So here are my awareness and inclusion messages. They are phrased as mine, but they apply to many other persons with disabilities, as well:

  1. God bless my congregation for offering streaming Shabbat services over Facebook. I can “attend” even when I can’t attend in person. It isn’t as good, but it is so much better than sitting home wishing I could be there.
  2. If I ask you to repeat something once or twice or even a third time, do just that: repeat it. Don’t restate it, just say exactly what you said but a bit louder, or or a bit clearer, or take your hand away from your mouth.
  3. If I get to an event, please don’t tell me that I look like I’m “doing better” and ask when I’ll be healed. I am having a good day, but I am unlikely to be healed. And actually, I’m OK just as I am.
  4. Don’t abuse “handicap” parking spaces. Don’t use them unless you have a blue card and please don’t crowd them. Don’t park in the loading area next to them, because then some of us can’t get out of the car.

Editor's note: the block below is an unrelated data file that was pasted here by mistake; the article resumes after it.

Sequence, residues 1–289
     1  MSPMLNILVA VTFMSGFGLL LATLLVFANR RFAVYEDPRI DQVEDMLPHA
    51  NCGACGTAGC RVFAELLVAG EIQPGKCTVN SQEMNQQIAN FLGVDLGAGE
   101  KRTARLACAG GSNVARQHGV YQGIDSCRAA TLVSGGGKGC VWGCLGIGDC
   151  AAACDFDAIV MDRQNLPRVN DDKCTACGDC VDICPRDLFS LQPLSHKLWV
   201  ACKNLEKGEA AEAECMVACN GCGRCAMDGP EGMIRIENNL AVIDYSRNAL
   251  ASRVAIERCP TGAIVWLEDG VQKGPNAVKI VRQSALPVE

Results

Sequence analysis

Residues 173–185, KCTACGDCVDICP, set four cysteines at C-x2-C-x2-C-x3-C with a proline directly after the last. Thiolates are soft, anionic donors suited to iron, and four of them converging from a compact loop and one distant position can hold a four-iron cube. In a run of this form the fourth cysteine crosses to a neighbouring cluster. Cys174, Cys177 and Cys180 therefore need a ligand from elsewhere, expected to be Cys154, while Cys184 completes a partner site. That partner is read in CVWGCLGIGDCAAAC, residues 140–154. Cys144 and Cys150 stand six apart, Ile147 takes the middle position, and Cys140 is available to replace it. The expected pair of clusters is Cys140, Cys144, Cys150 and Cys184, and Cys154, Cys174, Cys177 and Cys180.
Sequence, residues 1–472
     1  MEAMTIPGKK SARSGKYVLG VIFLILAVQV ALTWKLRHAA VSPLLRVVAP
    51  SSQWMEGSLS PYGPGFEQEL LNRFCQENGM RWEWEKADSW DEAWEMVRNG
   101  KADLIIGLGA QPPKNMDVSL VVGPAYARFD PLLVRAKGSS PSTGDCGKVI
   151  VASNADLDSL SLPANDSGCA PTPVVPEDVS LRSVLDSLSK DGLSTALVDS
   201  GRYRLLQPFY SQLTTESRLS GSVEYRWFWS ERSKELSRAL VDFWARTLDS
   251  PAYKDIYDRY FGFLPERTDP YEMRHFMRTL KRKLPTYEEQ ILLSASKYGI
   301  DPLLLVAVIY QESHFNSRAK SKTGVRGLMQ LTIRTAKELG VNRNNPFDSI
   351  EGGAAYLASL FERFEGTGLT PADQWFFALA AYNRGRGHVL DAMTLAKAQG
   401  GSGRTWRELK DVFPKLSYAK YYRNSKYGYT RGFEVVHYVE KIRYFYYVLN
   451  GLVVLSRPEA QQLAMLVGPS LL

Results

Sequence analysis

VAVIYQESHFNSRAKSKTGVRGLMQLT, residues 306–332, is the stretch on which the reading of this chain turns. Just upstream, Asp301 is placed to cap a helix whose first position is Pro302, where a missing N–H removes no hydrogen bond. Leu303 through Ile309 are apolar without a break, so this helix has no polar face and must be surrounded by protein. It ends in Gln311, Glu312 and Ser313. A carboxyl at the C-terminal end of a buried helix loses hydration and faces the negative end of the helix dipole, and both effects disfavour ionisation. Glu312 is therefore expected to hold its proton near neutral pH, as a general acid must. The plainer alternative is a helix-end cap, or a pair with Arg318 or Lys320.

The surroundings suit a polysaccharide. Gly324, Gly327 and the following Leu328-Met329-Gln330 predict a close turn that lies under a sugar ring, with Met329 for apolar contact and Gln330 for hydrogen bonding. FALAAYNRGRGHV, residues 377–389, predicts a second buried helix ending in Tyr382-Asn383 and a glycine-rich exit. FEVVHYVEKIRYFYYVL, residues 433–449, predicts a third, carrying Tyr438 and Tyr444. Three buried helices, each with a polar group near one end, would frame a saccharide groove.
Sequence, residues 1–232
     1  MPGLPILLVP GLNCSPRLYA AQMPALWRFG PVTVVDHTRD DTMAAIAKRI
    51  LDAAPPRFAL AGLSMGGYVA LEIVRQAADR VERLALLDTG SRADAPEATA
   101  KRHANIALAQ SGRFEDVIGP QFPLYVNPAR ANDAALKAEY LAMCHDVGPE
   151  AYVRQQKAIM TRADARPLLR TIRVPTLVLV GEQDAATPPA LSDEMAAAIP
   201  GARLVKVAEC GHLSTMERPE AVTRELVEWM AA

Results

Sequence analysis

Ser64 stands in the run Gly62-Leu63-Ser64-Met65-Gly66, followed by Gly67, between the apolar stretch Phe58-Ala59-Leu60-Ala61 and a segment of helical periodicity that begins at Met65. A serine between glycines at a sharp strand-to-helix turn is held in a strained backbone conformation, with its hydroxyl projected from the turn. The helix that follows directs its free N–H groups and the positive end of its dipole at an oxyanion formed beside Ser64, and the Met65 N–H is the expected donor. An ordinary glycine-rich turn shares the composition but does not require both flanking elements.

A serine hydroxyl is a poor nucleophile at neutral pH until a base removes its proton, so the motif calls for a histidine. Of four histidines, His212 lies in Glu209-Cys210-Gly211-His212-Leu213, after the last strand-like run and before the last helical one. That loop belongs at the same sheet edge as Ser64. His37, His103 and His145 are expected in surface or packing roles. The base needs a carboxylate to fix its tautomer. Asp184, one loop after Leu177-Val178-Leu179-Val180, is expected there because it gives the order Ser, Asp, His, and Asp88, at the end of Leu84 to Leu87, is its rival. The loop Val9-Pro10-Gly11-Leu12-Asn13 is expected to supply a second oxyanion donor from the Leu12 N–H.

5. If someone displays the blue card to use those parking spaces, just assume they need it, even if they don’t look it. Many disabilities are invisible.
  6. Please don’t give medical advice or ask nosy medical questions unless you are my doctor. Really. Even if you are sure you have the cure.
  7. Do not improvise “helping” me. Ask me if I need help with something, then believe what I tell you.
  8. Yes, I am at “child height” when I’m on the scooter. That is not an invitation to pat my head or adjust my clothing for me. When people do those things, I spend energy being annoyed that could go to many better uses.